was at work and double checking her work”).
On December 9, 2011, Plaintiff was terminated. Personnel Report, LVHN 0115;
LVHN 0423; Pl. Dep. 219:5-7; Straubinger Dep. 192:1-6; Eggen Dep. 80:4-10. The December
9, 2011 Personnel Report states, “Due to the serious nature of the lab value, RN employee
needed to notified [sic] the provider (who was available) by page or called for immediate
attention by another provider. In addition, there was a previous phone note from the front office
staff communicating an earlier contact which would have also been noted. RN Employee left
work (due to regular schedule) shortly after phone note sent. RN Employee did not report critical
lab to another nurse or clinical coordinator.” LVHN 0115; Pl. Dep. 220:3-16. Following her
termination, Plaintiff asked to and met with Practice Administrator Susan Jones. LVHN 0007 ;
Pl. Dep. 228:2-229:5; Jones Dep. 97:14-98:12.
In a letter dated January 10, 2012 (received by Employee Health Services on
January 13, 2012), Plaintiff’s primary care physician Dr. Gopal stated that in her opinion,
Plaintiff “would benefit from occupational therapy and she should be accommodated at her work.
She might need initially somebody overlooking her work until she goes through occupational
therapy so she can multitask again.” LVHN 0003. From the time of Plaintiff’s hospitalization in
December 2008 through the date of Plaintiff’s deposition in May 2014, Plaintiff never sought or
received any occupational therapy. Pl. Dep. 62:5-9; 62:17-23; 65:10-66:5; 244:9-11. In a letter
dated January 16, 2012, the Director of Employee Health Services, Carol Guanowsky, responded
to Dr. Gopal’s January 10, 2012 letter. LVHN 0001 (“I presume that you are responding to our
requests of July 27, 2011 and November 18, 2011”). In the letter, Ms. Guanowsky set out the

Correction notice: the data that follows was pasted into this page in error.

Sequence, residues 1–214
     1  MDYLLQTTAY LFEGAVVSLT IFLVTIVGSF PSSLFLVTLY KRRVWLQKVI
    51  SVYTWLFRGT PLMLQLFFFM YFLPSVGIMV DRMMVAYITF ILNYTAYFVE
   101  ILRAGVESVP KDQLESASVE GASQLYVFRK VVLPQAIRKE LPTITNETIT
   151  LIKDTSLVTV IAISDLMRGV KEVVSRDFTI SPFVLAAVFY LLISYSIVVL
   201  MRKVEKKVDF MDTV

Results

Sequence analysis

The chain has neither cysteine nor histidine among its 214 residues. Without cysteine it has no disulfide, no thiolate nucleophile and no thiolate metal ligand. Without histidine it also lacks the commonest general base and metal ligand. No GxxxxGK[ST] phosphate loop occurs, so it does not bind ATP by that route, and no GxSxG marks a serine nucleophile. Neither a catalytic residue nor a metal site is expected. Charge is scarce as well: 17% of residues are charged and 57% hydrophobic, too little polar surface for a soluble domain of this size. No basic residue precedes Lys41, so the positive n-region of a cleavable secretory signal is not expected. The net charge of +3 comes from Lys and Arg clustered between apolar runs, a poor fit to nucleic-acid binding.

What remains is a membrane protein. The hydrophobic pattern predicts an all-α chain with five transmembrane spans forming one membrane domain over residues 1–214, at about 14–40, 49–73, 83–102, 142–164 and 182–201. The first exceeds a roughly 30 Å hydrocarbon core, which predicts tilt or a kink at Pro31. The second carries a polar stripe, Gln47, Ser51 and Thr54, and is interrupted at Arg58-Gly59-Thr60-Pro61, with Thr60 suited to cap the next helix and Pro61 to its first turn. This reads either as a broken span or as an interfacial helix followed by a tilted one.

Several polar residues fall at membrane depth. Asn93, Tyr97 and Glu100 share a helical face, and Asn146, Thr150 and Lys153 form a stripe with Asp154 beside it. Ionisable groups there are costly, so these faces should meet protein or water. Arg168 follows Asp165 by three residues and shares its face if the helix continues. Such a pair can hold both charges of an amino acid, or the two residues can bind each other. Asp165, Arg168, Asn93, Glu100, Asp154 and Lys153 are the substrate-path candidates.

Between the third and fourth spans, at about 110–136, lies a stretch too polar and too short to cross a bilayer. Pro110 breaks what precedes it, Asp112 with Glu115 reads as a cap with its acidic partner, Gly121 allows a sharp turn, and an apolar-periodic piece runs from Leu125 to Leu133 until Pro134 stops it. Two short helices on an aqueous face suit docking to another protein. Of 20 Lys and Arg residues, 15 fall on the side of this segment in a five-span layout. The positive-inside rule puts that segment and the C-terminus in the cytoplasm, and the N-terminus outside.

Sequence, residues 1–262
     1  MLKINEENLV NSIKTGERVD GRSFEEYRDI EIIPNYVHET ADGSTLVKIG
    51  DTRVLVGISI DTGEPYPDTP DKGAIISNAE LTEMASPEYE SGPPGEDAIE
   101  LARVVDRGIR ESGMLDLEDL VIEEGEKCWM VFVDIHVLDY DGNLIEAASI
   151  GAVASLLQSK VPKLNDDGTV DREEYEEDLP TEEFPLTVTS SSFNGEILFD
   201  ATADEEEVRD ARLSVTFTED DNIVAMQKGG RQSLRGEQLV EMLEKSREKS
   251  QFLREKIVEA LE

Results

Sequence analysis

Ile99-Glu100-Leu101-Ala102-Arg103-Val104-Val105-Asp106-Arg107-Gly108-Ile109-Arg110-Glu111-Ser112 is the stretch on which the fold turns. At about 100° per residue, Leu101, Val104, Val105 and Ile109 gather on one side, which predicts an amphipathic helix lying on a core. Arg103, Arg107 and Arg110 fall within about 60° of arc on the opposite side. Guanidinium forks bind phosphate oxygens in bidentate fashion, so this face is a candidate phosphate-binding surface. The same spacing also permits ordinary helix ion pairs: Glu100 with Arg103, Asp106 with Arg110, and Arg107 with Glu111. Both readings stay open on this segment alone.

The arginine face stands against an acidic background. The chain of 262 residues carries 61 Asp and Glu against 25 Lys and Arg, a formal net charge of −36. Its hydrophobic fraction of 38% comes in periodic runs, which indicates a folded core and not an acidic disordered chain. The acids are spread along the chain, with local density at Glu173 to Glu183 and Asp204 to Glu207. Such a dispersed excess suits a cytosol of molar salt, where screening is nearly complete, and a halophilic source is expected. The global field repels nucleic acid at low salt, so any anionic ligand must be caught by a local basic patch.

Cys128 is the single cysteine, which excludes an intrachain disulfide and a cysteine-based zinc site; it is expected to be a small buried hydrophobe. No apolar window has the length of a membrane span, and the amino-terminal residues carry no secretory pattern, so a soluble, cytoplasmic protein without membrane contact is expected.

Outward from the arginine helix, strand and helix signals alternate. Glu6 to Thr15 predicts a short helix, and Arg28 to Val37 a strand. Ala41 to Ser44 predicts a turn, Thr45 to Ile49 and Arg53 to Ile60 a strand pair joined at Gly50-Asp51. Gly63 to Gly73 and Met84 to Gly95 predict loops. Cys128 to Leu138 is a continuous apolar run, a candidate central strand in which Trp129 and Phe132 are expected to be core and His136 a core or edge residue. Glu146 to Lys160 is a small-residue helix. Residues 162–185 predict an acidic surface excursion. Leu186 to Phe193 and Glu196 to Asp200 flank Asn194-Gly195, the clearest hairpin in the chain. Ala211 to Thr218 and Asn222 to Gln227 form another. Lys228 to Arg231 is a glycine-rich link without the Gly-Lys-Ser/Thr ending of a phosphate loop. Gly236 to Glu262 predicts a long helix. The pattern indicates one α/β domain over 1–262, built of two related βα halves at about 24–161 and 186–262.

information as to what had taken place and stated that LVH “did not receive any communication
from [Dr. Gopal] regarding the evaluation, restrictions, accommodations and/or possible
treatment.” Ms. Guanowsky further stated “You state that therapy may be of value, however, it
appears you never ordered therapy, or we were never informed of it. In addition, you are not
specifying, even at this juncture, what type of therapy might be helpful, the duration of therapy,
etc., in order to assess whether this is something that can be reasonably accommodated.” LVHN
According to Plaintiff, Dr. Gopal was out of the country at some point in the Fall
of 2011. Plaintiff does not know when Dr. Gopal left or returned to the United States. Pl. Dep.
202:11-23. Plaintiff had medical appointments with Dr. Gopal’s office (Muhlenberg Primary
Care) on August 2, 2011, September 8, 2011, September 14, 2011, September 17, 2011, October
13, 2011, November 29, 2011 and December 20, 2011. MPC (GOPAL) 027; 026; 025; 024, 023,
In or about February 2012, Plaintiff applied for a position as a R.N. with ABC
Family Pediatrics-Pond Road, a practice of Lehigh Valley Physicians Group, a subsidiary of
Lehigh Valley Health Network. Pl. Dep. 252:19-22. On or about February 20, 2012, Plaintiff
was interviewed for an R.N. position with ABC Family Pediatrics-Pond Road. Pl. Dep.
252:23-253:1. After learning that Plaintiff was not eligible for rehire, Plaintiff was no longer
considered for the position at ABC Family Pediatrics-Pond Road. Eggen Dep. 90:10-22 ; LVHN
0117. Even if Plaintiff had been eligible for rehire, the Associate Practice Director of ABC
Family Pediatrics-Pond Road testified that Plaintiff may not have been offered the position.